Twilight at D’une île, on the edge of the Bois de Voré in the Parc naturel régional du Perche. Photograph by Alexandre Guirkinger
Twilight at D’une île, on the edge of the Bois de Voré in the Parc naturel régional du Perche. Photograph by Alexandre Guirkinger

How Septime made foraging 'a little less foolish'

These young French restaurateurs love to use natural ingredients - just don’t expect to see a lot of ‘hairy herbs’ on the plate

In 2011, shortly after Bertrand Grébaut and Théophile Pourriat opened Septime, their small, simple, perfectly conceived, highly praised restaurant in the 11th arrondissement of Paris, they were visited by a mystical, venerable supplier.

“Stéphane Meyer, the ‘Druid’ of Parisian chefs, entered the kitchen with a basket filled with freshly picked wild plants,” the pair recall in their new book,Septime, La Cave, Clamato, D'une île. “Full of enthusiasm, but not knowing how to use them, we pounced on the ground ivy, plantain, bedstraw, red dead-nettle, woodruff, salsify and hogweed seeds.”

Initially, Grébaut and Pourriat saw foraged ingredients as a sign of modernity and sustainability, yet after a while the pair – who prize simplicity over pretension – recognised the error of their ways. They couldn’t just toss these wild plants on a plate and feel better about their cuisine; many of them required much more precise treatment.

“We were using them like salad,” they recall, “we were putting hairy herbs everywhere! It took us years to learn how to work with each wild herb, how to pick them at just the right time, how to understand their seasonality and how to tone down their bitterness; to know which herbs to cook and how to infuse them or preserve them.” Over time, foraged wild ingredients have become a key feature of Septime’s cuisine, and a defining characteristic of their relaxed country bolt-hole, D’une île.

 

Spring pickings from the kitchen garden at D’une île. Photograph by Alexandre Guirkinger
Spring pickings from the kitchen garden at D’une île. Photograph by Alexandre Guirkinger

 

“In 2018, the Dutch artists Sofie Sleumer and Michel Mulder put their guesthouse in Le Perche, an area of countryside a two-hour drive south-west of Paris, up for sale,” explains the book’s co-author, the writer and filmmaker, Benoit Cohen. “As fans of the two rue de Charonne restaurants, they thought that Théo and Bertrand would be the ideal people to preserve the soul of their establishment. And they were not mistaken. The pair were captivated by the seventeenth-century farmhouse set on the edge of a forest, and immediately felt at home there.

“Their aim was to flout hotel-industry conventions by drawing inspiration from both the simplicity of an English-style bed and breakfast and the meticulous standards of a luxury palace. They wanted to create ‘Septime’s country house’ – a community of young people passionate about cooking, nature and wine.

“The interior is reminiscent of a family home, with furniture hunted down in local flea markets, crockery brought back from various trips and a large fireplace,” Cohen goes on. “The service is relaxed, and the bread and brioche homemade. ‘This was the first time we’d cooked in a rural environment,’ says Bertrand. ‘We were used to Paris, which is stateless in terms of terroir.’ Instead, the idea here was to offer, at lunchtime and in the evening, a rustic cuisine d’auberge set in a natural environment, which meanwhile respected the fundamental principles of Septime: predominantly plant-based cooking that is steeped in tradition yet resolutely modern.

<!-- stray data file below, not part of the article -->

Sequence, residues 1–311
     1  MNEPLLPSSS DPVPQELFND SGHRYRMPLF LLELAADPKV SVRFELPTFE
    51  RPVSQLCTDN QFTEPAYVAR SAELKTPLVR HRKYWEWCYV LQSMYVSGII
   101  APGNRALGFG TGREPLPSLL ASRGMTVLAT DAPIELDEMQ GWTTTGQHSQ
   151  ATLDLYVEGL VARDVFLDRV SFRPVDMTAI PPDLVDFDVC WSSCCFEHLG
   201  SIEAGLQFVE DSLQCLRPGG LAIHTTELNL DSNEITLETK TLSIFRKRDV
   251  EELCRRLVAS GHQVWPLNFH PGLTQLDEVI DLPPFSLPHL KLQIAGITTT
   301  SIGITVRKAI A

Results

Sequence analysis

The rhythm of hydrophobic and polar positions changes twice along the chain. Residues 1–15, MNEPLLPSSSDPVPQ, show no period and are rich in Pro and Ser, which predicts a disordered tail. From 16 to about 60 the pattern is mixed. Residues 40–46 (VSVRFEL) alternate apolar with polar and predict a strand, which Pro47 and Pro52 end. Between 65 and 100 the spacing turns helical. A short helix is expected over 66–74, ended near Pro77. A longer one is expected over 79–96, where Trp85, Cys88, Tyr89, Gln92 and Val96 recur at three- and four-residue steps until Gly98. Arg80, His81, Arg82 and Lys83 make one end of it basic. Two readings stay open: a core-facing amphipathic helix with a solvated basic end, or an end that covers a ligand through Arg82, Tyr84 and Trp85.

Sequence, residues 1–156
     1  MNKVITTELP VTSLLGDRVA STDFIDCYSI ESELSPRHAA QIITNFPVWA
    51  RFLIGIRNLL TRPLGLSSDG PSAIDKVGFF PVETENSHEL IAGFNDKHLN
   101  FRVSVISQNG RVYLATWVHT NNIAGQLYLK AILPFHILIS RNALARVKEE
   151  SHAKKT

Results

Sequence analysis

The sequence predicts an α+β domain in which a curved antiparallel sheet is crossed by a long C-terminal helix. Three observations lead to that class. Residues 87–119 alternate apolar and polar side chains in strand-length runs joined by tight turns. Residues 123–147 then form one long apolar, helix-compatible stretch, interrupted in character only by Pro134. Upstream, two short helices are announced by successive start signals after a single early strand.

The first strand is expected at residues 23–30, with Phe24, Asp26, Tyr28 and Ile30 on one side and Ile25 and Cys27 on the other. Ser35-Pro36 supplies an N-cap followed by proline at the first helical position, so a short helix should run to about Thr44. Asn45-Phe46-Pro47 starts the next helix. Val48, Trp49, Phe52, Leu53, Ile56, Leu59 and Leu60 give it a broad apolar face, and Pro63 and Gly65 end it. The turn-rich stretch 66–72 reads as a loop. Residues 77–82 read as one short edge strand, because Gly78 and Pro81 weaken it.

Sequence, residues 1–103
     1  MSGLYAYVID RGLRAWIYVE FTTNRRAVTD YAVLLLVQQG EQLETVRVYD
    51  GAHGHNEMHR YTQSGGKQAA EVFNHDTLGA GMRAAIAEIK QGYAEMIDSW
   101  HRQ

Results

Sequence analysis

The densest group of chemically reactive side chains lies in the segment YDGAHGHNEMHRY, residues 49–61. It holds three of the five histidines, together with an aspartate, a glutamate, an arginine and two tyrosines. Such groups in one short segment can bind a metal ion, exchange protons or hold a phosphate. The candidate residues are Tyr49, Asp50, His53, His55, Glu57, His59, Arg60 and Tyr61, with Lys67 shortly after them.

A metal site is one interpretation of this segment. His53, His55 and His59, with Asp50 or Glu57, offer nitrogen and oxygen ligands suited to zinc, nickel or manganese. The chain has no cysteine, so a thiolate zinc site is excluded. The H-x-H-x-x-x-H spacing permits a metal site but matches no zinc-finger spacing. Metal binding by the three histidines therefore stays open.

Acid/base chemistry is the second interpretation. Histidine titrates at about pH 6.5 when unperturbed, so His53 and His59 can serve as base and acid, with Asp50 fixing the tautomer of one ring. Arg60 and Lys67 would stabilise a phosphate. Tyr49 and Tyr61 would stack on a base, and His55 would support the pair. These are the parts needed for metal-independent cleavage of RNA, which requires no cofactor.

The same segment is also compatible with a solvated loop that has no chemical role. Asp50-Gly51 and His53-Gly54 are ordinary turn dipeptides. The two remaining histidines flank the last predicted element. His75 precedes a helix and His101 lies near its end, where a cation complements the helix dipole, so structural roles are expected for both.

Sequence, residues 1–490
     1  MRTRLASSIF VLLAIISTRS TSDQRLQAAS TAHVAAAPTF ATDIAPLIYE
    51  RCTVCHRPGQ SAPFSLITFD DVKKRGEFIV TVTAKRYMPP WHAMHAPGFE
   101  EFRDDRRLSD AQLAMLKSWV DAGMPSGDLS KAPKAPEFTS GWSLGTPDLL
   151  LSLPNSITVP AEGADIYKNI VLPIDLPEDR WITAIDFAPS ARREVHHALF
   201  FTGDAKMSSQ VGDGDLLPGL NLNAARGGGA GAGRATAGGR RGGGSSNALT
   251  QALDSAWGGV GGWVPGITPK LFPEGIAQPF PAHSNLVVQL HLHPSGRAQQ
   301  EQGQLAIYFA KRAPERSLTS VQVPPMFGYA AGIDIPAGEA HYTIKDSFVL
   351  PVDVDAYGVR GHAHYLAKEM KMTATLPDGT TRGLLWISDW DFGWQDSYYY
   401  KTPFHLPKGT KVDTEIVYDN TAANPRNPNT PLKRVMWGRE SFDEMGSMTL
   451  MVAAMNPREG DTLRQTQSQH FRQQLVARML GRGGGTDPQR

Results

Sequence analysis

A mixture of produce grown in the kitchen garden, sourced from the markets in the surrounding area and foraged in the local countryside are all used to create informal meals that are in keeping with the spirit of relaxation sought by both clients who come to spend the weekend and the locals who live year round in the Parc naturel régional du Perche.”

At D’une île, the pair resist the urge to pick and serve handfuls of ‘hairy herbs’, and instead choose to forage the most common place plant: grass. You see, sweet vernal grass is a forage plant, usually used to feed livestock contains a compound called coumarin, which gives it a pleasant scent of vanilla, caramel and toasted almonds.

 

Free-range chicken with sweet vernal grass cooked in a dough-sealed pot. Photograph by Alexandre Guirkinger
Free-range chicken with sweet vernal grass cooked in a dough-sealed pot. Photograph by Alexandre Guirkinger

 

“It’s mainly used in infusions, but also in ice creams, stocks (broths), sabayons, dairy products and pickles, as well as in an old recipe we got from Alain Passard: volaille en cocotte lutée,” the pair explain. “We stuff a chicken or a guinea fowl, place it in a cast-iron casserole dish (Dutch oven), then cover the bird with sweet vernal grass. The pot is then sealed tightly with dough and placed in the oven, so that the bird is gently steamed.

“During the first spring at D’une île, we realized that the meadows next to the buildings were covered with very fragrant forage, richin sweet vernal grass. When we’re able to be there, we like to participate in the harvest in May, when the grass is still green but already ripe. It’s precision work: sheaves have to be cut with a scythe or a knife, then carefully sorted to extract the precious grass from all the others that make up the hay. The harvested stems are then dried in the sun on the wall surrounding the vegetable garden.”

 

Septime, La Cave, Clamato, D'une île
Septime, La Cave, Clamato, D'une île

 

There’s no need to call on Stéphane the druid to help with this recipe, but whatever is lost in gastronomic mysticism is surely made up in simple, undeniable flavour. To get the full recipe for this chicken dish, as well as much more besides, order a copy of  Septime, La Cave, Clamato, D'une île here